We took him back to where he grew up. We took him back to his elementary school where a very significant event happened to him. We took him back to the A&M lot, so we could “feel” what that magic was all about. He felt so comfortable in all of those places that he opened up and the stories just flowed—the observations and all of that.
Anybody who get a chance to see “Herb Alpert Is …” is going to feel like they’ve gotten to know him as a person. It’s not anything that he put on; it’s just who he is.
Q: What has been the reaction to the film?
Scheinfeld: I’ve heard from a few friends of Herb’s who have seen the film. The words vary but the thought has been the same, which is: “That’s the Herb that I know.” So, I’m pleased that we could capture that, but what I’m really pleased about is that he felt safe opening up and allowing us to see the real Herb.
Q: One of his elementary school teachers discouraged him and made him an introvert. But through that experience, he became interested in music. Then there was his mentor Ben Klazkin, the San Francisco Orchestra trumpet player, who became his tutor when he was 13.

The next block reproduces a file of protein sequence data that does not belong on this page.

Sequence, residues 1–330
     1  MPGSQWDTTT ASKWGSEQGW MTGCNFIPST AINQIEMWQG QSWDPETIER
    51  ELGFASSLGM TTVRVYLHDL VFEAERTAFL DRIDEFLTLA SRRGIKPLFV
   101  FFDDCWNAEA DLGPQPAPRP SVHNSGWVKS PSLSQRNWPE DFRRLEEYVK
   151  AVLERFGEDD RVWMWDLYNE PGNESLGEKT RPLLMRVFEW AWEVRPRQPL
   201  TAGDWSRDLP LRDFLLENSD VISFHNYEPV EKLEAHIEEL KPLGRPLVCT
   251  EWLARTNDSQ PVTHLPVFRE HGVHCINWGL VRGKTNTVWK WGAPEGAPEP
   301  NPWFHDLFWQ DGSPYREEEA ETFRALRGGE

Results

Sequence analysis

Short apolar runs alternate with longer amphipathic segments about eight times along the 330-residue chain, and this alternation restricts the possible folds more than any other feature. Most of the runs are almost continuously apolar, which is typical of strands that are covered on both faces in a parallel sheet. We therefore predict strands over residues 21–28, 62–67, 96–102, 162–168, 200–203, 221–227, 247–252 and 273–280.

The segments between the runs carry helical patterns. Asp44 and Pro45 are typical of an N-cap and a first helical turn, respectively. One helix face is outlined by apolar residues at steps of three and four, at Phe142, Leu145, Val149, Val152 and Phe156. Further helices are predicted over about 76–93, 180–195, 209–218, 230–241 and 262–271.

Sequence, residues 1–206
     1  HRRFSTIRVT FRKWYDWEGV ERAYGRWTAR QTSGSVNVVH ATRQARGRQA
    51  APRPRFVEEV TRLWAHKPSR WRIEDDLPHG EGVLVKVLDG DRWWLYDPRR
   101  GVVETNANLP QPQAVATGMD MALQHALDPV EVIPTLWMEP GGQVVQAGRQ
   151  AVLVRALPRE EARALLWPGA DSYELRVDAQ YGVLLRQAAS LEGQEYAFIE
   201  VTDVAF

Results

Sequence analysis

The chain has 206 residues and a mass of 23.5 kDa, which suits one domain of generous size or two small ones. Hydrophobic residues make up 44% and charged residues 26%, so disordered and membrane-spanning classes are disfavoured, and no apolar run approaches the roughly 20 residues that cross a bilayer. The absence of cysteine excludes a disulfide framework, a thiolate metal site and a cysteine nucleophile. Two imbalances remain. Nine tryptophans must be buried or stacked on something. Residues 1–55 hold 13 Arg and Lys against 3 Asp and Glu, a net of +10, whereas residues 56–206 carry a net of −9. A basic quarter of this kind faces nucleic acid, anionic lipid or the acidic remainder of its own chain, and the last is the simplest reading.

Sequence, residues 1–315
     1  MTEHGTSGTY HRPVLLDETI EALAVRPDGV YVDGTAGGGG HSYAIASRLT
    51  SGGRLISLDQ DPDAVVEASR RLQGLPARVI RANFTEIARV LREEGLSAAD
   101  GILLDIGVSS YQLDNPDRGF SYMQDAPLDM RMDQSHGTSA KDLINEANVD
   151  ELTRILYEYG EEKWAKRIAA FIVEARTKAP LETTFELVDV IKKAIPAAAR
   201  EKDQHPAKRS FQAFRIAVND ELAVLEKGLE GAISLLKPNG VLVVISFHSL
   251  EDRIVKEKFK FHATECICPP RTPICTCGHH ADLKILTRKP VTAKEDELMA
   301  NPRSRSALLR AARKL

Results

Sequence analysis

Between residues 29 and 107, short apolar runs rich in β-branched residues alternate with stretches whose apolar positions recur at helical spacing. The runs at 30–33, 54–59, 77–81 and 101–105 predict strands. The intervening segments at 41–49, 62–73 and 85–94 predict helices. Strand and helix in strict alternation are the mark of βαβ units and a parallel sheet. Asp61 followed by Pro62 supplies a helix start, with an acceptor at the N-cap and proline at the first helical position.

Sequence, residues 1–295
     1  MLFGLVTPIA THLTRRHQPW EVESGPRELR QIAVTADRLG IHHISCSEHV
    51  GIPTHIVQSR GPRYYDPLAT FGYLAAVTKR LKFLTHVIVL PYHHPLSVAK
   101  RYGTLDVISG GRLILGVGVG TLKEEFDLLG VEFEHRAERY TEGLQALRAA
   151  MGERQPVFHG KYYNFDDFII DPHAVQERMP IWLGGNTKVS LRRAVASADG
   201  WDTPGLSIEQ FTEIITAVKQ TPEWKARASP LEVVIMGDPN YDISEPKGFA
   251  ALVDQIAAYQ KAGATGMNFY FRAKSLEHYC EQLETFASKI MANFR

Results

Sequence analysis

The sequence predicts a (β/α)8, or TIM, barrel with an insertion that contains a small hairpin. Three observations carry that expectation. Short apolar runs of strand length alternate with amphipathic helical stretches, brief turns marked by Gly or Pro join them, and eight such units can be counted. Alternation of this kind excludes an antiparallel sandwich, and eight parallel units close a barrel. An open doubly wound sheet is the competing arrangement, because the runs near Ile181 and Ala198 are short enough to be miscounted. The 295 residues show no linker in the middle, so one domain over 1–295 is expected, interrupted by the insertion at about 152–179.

Scheinfeld: We’ve all had that experience whether it was a teacher or a parent or a friend who just didn’t believe in what you were doing. But somehow, the great ones find a way of being persistent in the face of that, and stick with pursuing their dream. Herb was very much one of those people.
As we see in the film, he was not at all shy about describing some of the tough challenges that he experienced in the course of his adult life, even after he achieved some success. I was grateful to him for opening up in that way, and adding richness and texture that helped make the film even better.
Q: Have you been in touch with him lately? How is he doing?
Scheinfeld: We just talked this morning. He’s doing great. He hasn’t left his home since March. He’s 85, so he’s a prime target for the virus. But his spirit remains up and positive. He paints, sculpts and makes music every day. That’s to be admired.